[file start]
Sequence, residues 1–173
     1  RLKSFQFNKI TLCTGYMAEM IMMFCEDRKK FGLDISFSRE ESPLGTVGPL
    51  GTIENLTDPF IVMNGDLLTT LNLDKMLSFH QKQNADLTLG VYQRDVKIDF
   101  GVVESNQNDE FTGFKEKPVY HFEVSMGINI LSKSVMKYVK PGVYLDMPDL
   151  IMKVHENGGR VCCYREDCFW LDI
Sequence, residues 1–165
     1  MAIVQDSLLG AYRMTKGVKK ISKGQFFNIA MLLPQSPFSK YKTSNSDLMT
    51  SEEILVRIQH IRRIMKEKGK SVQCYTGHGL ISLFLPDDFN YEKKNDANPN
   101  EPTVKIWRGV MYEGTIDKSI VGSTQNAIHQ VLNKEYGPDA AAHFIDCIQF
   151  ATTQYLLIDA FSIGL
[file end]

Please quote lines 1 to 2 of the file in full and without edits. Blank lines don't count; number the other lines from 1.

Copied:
Sequence, residues 1–173
     1  RLKSFQFNKI TLCTGYMAEM IMMFCEDRKK FGLDISFSRE ESPLGTVGPL